Another Take 5 leaued grasse, red sage, red fennill, & woodbine leaves of each a {X}handfull, stamp them well in a stone morter, streyne them, then boyle the said iuce with 2 spoonfulls of hony, till they be incorporated all wayes stirring of them, then take it from the fire, & put it into a pott for your use. Use it as the other. Mis Lamlay.

{X}A preseruatiue against the plague. Take of sage [red] elder leaues, & red bramble leaues of each a handfull, {185}stampe them togather & streyne them with a quart of white wine through a cloth, then put a little ginger into it, & drink therof a spoonefull for 9 dayes togather euening & morneing.

{X}ffor one infected withe plague. Take 1 oʒ of sorrell water, as much dragon water, & 3 dramms of good {186}treacle, & giue to the patient fasting, & cause him to sweat after it, with 24 howers after he is infected.

ffor one suspected to haue the plague. {X}Take a great onion,then take out the core, & fill it with good treacle, wrap it in paper, & rost it in imbers till it be soft, then streyne the same with vinegar sweeten it with sugar & giue 2 spoonefulls of liquor to the patient fasting & with in 12 howers you may see whether he hath the sicknesse or noe.

Another for one infected. {X}Take the powder of bay berries (the huske taken from them) a good spoonefull before they be dried, put it into a draught of white wine stale ale or beere & soe drinke it, & sweat in bed, but sleep not.

Another {X}Take wormewood & herbegrace, & steep them all night in a pint of beare with a lemon stired, & drink them in the morneing fasting. Or Take a walnutt kenell, a corne of salt, & 4 leaues of herbegrace cutt all very small & putt them into a blue figg, rost it & then eate it fast an hower after & use this dayly.

To ripen the sore. {X}Lay a hott loafe newly drawen to it, & when you take yt away lay a fresh but be sure you burie the bread afterwards.

Last edit 8 months ago by Katy Mair
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Last edit over 1 year ago by Julia
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A table of the receipts in this part of the booke following:

A. oyle for aks. 2 ff. to cure a fistulae. 4.
ague.3. against faint fitts. 9.
ackes in Bones. 13. 14. heat in the face. 12.
an ague in womens breasts. 20. flux. 20
ankles swelled to cure. 29. fellons. 21.
burneing feaver. 21.
falling sicknes 25.
falling of the fundament. 25.
B to stay bleading. 1. G green sicknes. 12.
Barley water. 3 gout. 13. 27.
For a burne or scald. 6. 29 gelly of hartshornn. 23.
heate in the back. 6.
bruise. 8. inward. 17 .21 .
paine in the back. 14.
sore breast 24.
to draw out bones or bulletts. 28.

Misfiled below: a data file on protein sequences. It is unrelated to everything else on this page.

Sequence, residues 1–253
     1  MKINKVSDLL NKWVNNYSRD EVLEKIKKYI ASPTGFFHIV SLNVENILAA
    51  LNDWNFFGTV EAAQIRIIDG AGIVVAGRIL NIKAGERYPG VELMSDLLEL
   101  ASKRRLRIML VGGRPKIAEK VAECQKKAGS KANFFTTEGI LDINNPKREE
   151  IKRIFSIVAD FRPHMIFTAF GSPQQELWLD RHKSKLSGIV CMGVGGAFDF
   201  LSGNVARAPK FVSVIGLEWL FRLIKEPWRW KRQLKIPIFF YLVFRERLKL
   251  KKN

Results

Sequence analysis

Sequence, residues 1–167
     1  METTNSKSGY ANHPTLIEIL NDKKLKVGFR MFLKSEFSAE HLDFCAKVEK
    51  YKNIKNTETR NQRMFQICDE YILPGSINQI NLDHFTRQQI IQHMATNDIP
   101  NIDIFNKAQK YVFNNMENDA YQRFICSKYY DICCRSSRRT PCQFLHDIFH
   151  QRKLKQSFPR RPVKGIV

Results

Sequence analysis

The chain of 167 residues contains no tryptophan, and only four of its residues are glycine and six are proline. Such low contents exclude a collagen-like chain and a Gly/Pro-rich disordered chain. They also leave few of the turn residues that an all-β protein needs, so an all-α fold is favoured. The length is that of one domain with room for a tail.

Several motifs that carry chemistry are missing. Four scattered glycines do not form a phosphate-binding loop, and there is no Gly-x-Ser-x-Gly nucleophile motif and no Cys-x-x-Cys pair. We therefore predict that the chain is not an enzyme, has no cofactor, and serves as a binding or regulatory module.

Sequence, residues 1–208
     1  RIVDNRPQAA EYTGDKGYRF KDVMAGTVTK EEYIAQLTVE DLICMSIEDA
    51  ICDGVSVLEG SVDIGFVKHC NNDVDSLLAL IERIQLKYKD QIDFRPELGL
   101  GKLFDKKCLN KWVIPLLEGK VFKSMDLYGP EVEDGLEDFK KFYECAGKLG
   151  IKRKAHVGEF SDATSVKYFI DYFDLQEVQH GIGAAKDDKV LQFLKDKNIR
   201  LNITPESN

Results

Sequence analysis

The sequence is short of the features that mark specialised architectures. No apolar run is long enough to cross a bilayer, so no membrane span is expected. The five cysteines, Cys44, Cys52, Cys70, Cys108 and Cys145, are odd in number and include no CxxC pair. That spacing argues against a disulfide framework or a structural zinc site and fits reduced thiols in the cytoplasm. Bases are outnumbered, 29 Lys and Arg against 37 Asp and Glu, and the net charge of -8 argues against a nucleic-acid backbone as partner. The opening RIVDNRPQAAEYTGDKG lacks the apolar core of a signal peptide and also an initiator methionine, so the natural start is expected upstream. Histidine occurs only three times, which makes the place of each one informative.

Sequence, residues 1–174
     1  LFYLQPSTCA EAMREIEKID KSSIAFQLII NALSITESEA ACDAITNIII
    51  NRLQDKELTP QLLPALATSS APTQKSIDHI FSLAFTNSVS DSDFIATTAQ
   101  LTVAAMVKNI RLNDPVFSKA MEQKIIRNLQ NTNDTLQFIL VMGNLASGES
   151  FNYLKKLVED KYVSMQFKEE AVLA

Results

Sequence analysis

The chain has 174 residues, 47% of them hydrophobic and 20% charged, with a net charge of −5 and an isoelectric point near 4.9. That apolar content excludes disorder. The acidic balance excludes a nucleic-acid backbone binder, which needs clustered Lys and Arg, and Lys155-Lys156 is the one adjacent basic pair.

C Chinchough.1. H trembling of the hart. 2. 9. 10
Swelling in the codds.2. heate within.3.
Chilblains. kikes. 3. 26. for giddiness of the head. 18.
Collick. 3. 19. paine in the head. 21. 22.
Cough. 6. 18. p.29. gibb heeles. 26
Consumption. 7. 10. 23.
A syrrupe for a cold. 8
Cherry water. 9.
cankard sore. 15.
cramps. 21.
D Dropsay. 5 J Julip. of China. 5.
deafness. 24 . jaundis. 8.
to ripen an imposthume. 13 .
paine in a ioynt. 14. 25.
K Dropsay. 5 K
E. noyse in the eares. 12. 24
K. Edwards water for the eyes.16.
to cleare the eyes. 18. 23. 29.
apotshumes in the eares. 19.
Emrods. 27.
Last edit about 1 year ago by Katy Mair
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L. Liquorish cure to make. 6. Q Queens powder. 15.
quinsey. 24.
M. against melancholy. 1. 9 R. Rupture to cure. 11.
[furd] mouth. 2 Ricketts. 27. 28.
sore mouth or canker ther. 12. 22 . fflux or rume that descendeth to the mouth or teeth. 28.
n. to stay bleeding at the nose. 9. S Stickes or stoping. 2. 16. 21 .
nauell of a child that comes out. 26. strayne. 2. 3. 8. 9. 15 .
ole of swallows 2.
to cause sleep. 6.
scatica. 7 21
sinews shrunk & stiff. 10. 23. 27.
weake stomack. 10
spleene. 12. 20
paine in the stomack. 15
for the stone. 16. 26. in the kidneis. 19.
shingles. 26. 27.
pultis for hard swellings. 29
swellings in the ankles. 29.
O oyle of mare 11.
T swelling of the throat outwardly. 16.
and inwardly. 16.
to draw out thorns. 18.
to fasten loose teeth. 18
sore throate. 24.
U a water for ould ulcers. 26.
P to purge the body. 1. 5. to prouoke urin. 26.
pluresie. 2. 16.
Pills. 5 6.
pimples in the face. 7.
one thats poysoned. 15.
plague. 22. 23. W. to keep women from miscarriage. 28.
paine in a ioynt. 25 [wen] on the eye lid. 27.
cold palsey. 26. Dr Stephens his water. 1.
to procure womens disease. 15
to stay them. 15.
wind in the stomack
wormes in children. 17
a [sea] cloth to draw water out of the body. 17.
chaps in womens breasts. 26.
weakness in womens back caused by the whites. 28.
Last edit about 1 year ago by Julia
Displaying pages 41 - 45 of 85 in total